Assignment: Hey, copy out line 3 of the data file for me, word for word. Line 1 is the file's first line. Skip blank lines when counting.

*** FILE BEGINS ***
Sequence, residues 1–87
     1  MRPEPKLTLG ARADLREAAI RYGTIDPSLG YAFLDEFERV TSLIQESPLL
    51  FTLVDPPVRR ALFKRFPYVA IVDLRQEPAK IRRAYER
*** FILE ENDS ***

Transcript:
    51  FTLVDPPVRR ALFKRFPYVA IVDLRQEPAK IRRAYER